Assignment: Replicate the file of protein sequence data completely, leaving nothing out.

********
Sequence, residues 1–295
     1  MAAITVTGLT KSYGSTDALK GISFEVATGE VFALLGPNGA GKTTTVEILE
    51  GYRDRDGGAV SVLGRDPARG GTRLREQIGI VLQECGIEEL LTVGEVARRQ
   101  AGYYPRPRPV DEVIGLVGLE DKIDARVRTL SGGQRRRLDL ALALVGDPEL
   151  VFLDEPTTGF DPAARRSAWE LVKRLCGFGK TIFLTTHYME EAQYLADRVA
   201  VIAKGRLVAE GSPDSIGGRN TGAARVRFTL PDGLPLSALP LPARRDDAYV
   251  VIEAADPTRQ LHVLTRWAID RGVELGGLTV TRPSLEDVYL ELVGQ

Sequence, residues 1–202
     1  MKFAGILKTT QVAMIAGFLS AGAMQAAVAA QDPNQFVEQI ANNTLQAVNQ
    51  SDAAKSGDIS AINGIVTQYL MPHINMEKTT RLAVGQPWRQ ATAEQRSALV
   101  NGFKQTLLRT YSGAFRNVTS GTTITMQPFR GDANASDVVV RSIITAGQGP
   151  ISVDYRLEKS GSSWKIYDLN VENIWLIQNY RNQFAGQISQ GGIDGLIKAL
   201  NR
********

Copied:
Sequence, residues 1–295
     1  MAAITVTGLT KSYGSTDALK GISFEVATGE VFALLGPNGA GKTTTVEILE
    51  GYRDRDGGAV SVLGRDPARG GTRLREQIGI VLQECGIEEL LTVGEVARRQ
   101  AGYYPRPRPV DEVIGLVGLE DKIDARVRTL SGGQRRRLDL ALALVGDPEL
   151  VFLDEPTTGF DPAARRSAWE LVKRLCGFGK TIFLTTHYME EAQYLADRVA
   201  VIAKGRLVAE GSPDSIGGRN TGAARVRFTL PDGLPLSALP LPARRDDAYV
   251  VIEAADPTRQ LHVLTRWAID RGVELGGLTV TRPSLEDVYL ELVGQ

Sequence, residues 1–202
     1  MKFAGILKTT QVAMIAGFLS AGAMQAAVAA QDPNQFVEQI ANNTLQAVNQ
    51  SDAAKSGDIS AINGIVTQYL MPHINMEKTT RLAVGQPWRQ ATAEQRSALV
   101  NGFKQTLLRT YSGAFRNVTS GTTITMQPFR GDANASDVVV RSIITAGQGP
   151  ISVDYRLEKS GSSWKIYDLN VENIWLIQNY RNQFAGQISQ GGIDGLIKAL
   201  NR